I’m a long-time member and supporter at TenForums.com (joined November 14 2014). Just recently I saw a thread where a member reported issues with an apparently failing hard disk drive (HDD). Immediately, he and other responders started chewing on how to diagnose and possibly fix the HDD. “NO!” I remember thinking as I started reading the back-n-forth. “Failing drives need copy first and foremost,” I went on, “so progressive failures won’t cause more data loss.”
Why Do Failing Drives Need Copy First and Foremost?
If an HDD is starting to fail, there’s usually a cascade involved. First, one or two small failures, followed by increasing frequency and severity of failures. After that: complete drive failure. Once you have a clue that a drive is starting to fail — and SMART monitors like HD Sentinel or CrystalDiskInfo will clue you in quickly — the next step in troubleshooting is: Make a snapshot!
When trouble rears its head, the temptation to start diagnosing and attempting fixes can be nearly overwhelming. But in this particular case — a possibly failing HDD — such diagnosis and fix activities can severely exercise the disk. If it is failing, that could either make existing data losses worse, or cause data losses that haven’t yet occurred.
How to Get That Snapshot
I’d try a disk image using something like Macrium Reflect Free. If the disk is seriously corrupted, however, it might not work. In that case, use File Explorer or copy commands at the command line/in PowerShell to copy anything and everything you can see.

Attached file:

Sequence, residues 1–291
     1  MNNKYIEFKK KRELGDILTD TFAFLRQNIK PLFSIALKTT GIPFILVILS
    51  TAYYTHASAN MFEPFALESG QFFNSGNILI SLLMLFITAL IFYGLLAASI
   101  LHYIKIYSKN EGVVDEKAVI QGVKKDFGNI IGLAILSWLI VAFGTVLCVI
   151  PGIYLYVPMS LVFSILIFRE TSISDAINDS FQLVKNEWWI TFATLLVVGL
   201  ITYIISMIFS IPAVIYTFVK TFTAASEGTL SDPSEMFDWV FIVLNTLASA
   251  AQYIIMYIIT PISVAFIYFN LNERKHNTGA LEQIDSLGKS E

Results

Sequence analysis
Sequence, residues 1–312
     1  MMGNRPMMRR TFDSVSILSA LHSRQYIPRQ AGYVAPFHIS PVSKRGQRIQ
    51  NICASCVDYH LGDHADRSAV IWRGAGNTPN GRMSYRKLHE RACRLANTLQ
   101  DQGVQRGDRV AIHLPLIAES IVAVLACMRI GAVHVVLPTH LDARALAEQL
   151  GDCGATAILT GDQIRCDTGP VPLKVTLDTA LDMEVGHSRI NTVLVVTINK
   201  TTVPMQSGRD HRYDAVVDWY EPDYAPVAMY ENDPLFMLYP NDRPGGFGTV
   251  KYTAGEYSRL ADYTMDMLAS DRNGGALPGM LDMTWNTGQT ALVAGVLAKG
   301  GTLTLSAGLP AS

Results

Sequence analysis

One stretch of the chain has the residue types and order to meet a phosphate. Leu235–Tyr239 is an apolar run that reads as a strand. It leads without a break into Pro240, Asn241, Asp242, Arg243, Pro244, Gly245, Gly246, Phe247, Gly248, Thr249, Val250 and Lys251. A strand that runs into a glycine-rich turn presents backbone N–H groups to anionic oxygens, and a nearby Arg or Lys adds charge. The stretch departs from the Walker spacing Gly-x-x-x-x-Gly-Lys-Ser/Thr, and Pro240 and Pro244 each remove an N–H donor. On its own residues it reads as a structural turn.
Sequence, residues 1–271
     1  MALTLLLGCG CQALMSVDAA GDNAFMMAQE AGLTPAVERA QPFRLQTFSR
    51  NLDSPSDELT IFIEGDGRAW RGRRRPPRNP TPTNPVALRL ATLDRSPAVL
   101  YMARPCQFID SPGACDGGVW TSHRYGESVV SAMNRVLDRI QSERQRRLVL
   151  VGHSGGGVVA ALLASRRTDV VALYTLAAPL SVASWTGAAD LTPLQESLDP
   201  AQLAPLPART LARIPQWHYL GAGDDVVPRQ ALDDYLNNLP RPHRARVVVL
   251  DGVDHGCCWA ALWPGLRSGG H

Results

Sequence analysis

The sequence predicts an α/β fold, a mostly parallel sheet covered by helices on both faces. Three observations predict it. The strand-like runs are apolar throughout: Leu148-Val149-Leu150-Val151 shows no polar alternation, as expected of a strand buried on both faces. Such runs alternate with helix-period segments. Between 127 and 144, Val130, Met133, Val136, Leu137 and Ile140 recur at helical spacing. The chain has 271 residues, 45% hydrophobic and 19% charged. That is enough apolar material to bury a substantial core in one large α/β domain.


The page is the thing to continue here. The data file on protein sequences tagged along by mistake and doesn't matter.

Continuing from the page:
On the other hand, if you have a reasonably current backup of the failing drive — and you should — you can copy only items dated since the backup was made. Once you’ve captured what you can, you won’t experience further data loss as you pursue various troubleshooting strategies. Now that you’ve done due diligence for data protection, go for it!
When in Doubt, Replace the Disk
In my experience over 36 years of working with personal computers, I’ve had half-a-dozen hard disks fail on me. (I bought my first PC in 1984: a Macintosh 512K, aka “Fat Mac.”) As disks start to fail, they become increasingly unreliable and problematic. I’ve always replaced them as soon as diagnosis pointed out unquestionable failure signs or symptoms. I learned the hard way to backup, too: I lost the better part of a book manuscript in the late 80s when an external (and expensive!) 300MB SCSI hard disk experienced a head crash. Please: learn from my bad experiences. Don’t wait to have your own. Take my word for it: you won’t like them, not one little bit.